Britain to follow Australia's immigration example
The Sydney Morning Herald
April 19, 2007 – 6:16AM
Britain will next year adopt an Australian-style model for restricting immigration to those with skills in need.
British Immigration Minister Liam Byrne unveiled the timetable for introducing the points-based system during a fact-finding visit to Australia, which uses a similar model to attract migrants with in-demand skills and reject those who would compete with local workers for unskilled jobs.
“With the exception of an elite group of highly-skilled migrants, all other foreign workers or students will need a UK sponsor to vouch for them and help us make sure they are playing by the rules,” Mr Byrne was quoted as saying in The Guardian newspaper.
Under the system, would-be migrants would need to amass a certain number of points according to their skills and sector gaps in the UK.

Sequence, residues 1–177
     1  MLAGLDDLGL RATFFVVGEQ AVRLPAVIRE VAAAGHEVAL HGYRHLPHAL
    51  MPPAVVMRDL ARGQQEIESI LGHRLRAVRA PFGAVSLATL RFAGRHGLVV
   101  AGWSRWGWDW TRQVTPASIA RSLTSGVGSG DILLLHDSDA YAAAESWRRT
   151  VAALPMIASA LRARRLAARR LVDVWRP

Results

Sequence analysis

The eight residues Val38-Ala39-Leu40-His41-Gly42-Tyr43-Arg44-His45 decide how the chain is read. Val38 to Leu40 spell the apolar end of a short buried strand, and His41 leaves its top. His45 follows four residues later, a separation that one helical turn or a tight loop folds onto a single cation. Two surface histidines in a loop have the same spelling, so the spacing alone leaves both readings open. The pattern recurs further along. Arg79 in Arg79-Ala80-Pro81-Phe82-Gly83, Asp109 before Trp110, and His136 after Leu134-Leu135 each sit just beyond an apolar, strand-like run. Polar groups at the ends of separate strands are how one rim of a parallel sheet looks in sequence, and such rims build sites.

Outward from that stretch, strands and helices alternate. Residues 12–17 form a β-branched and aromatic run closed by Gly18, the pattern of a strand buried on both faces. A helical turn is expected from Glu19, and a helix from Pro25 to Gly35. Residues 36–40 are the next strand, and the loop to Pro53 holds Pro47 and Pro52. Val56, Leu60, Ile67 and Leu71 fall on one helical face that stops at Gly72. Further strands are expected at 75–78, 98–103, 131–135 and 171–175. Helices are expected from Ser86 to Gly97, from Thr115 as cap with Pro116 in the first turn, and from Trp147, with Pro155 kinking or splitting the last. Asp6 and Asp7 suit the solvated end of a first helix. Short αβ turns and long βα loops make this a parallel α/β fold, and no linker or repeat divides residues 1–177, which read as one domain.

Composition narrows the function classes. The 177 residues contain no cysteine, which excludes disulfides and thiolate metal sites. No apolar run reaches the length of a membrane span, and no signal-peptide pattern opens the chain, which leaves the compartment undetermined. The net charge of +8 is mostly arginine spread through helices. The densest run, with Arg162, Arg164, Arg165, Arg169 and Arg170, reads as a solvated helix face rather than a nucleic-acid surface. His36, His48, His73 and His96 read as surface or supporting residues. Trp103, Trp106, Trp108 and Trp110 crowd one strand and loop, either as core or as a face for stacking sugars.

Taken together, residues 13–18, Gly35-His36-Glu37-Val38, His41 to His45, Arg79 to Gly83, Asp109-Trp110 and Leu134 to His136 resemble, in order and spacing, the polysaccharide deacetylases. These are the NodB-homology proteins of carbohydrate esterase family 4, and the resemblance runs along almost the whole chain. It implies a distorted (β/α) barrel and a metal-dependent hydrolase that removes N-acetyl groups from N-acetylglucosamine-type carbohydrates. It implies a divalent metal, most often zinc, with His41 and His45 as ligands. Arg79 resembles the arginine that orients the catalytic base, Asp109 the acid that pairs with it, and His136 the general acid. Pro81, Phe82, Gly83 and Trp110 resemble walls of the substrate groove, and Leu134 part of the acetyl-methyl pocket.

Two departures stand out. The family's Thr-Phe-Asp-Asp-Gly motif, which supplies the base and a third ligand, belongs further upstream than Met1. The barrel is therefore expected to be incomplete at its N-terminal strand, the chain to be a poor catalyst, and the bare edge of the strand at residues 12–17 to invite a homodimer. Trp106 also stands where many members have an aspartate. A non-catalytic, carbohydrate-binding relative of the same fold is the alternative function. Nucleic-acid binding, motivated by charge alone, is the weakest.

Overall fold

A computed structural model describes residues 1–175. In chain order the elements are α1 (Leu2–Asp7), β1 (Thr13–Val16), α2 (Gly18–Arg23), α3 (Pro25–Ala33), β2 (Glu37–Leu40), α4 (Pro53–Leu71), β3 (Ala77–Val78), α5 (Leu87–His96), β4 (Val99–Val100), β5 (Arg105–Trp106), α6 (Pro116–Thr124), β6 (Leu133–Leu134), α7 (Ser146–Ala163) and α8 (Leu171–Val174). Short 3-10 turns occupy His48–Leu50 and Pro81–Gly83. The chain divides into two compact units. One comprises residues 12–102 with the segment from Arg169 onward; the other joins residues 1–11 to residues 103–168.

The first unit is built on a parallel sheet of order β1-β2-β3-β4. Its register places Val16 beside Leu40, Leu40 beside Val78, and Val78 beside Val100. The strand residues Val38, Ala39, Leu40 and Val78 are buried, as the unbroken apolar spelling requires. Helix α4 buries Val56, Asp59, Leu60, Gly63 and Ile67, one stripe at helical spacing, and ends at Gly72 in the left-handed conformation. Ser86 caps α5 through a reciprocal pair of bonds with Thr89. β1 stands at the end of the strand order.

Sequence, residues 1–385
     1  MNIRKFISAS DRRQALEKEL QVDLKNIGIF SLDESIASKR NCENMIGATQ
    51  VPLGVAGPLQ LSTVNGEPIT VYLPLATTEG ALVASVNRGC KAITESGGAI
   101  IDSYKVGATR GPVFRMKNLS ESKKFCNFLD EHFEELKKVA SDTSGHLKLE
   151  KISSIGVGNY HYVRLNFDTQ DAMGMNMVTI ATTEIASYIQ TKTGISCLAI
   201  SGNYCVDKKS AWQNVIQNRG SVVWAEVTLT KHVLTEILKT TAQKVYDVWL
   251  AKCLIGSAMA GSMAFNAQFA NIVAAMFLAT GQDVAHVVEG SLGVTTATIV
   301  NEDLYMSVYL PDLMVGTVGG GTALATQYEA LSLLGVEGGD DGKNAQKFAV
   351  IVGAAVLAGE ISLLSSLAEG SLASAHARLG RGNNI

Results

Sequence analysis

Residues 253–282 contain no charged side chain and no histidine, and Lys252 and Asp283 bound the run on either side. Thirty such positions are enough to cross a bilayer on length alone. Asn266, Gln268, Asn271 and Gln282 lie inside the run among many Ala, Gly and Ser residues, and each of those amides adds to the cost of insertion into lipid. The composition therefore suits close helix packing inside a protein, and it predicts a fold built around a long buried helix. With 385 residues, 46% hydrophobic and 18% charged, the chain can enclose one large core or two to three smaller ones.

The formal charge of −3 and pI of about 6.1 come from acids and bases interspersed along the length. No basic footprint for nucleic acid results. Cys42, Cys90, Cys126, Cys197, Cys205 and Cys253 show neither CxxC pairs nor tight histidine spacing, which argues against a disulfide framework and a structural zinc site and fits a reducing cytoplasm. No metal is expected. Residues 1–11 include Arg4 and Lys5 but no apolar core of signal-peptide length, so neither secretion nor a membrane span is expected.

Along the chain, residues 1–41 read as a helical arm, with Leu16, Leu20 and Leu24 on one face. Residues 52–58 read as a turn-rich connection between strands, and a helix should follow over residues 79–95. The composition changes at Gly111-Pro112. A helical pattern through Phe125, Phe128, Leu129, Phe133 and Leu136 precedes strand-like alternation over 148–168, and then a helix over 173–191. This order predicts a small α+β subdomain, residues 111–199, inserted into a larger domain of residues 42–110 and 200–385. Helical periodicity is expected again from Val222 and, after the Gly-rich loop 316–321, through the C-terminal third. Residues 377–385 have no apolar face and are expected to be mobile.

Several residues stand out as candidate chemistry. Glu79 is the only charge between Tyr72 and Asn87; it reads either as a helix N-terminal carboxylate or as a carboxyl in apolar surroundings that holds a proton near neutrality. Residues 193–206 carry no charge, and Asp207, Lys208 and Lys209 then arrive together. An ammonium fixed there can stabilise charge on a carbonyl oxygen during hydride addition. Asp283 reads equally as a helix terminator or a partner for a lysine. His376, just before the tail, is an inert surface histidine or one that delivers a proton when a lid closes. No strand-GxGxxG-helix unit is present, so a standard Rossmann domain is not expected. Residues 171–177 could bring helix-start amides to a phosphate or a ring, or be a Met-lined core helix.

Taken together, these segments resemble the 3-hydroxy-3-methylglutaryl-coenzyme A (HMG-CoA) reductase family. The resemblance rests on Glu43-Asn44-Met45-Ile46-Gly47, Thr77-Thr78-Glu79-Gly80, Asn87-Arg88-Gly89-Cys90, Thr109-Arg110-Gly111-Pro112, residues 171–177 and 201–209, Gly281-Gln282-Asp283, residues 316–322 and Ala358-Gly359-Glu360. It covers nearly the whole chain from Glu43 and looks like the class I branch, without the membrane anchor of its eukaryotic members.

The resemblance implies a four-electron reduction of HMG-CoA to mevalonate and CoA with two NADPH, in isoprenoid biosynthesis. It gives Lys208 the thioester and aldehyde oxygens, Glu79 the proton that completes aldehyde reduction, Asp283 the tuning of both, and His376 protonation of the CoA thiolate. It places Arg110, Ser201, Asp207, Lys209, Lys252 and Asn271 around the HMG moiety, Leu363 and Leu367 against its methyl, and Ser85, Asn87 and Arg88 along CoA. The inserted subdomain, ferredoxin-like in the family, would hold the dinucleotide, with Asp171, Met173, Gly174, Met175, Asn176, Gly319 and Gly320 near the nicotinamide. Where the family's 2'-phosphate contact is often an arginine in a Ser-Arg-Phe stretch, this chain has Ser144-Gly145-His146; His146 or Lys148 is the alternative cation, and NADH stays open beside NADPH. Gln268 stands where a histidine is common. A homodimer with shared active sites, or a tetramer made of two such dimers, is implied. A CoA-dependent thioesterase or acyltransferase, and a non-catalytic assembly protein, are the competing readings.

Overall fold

It was first announced by Home Secretary John Reid last year and will replace more than 80 routes of entry to the UK with five tiers for workers with different skill levels.
The first tier, for highly-skilled migrants such as scientists and entrepreneurs, will be launched at the beginning of next year.
It will be followed later in 2008 by new tiers for skilled workers such as nurses, teachers and engineers with job offers, temporary workers and young people on working holidays.
A further tier for students will begin at the start of 2009.
The announcement comes ahead of Thursday's publication of official statistics which The Times newspaper predicted would show net migration into Britain of 185,000 in 2005.
The figure is down from the previous year's 222,600, but four times the level in 1997.
Writing in a pamphlet due out later this month and widely reported in British media on Wednesday, Mr Byrne warned uncontrolled migration could damage the poorest communities.
He said while migration had made the UK richer, it had also “unsettled the country”.
Mr Byrne is attending an international conference on immigration issues in Sydney.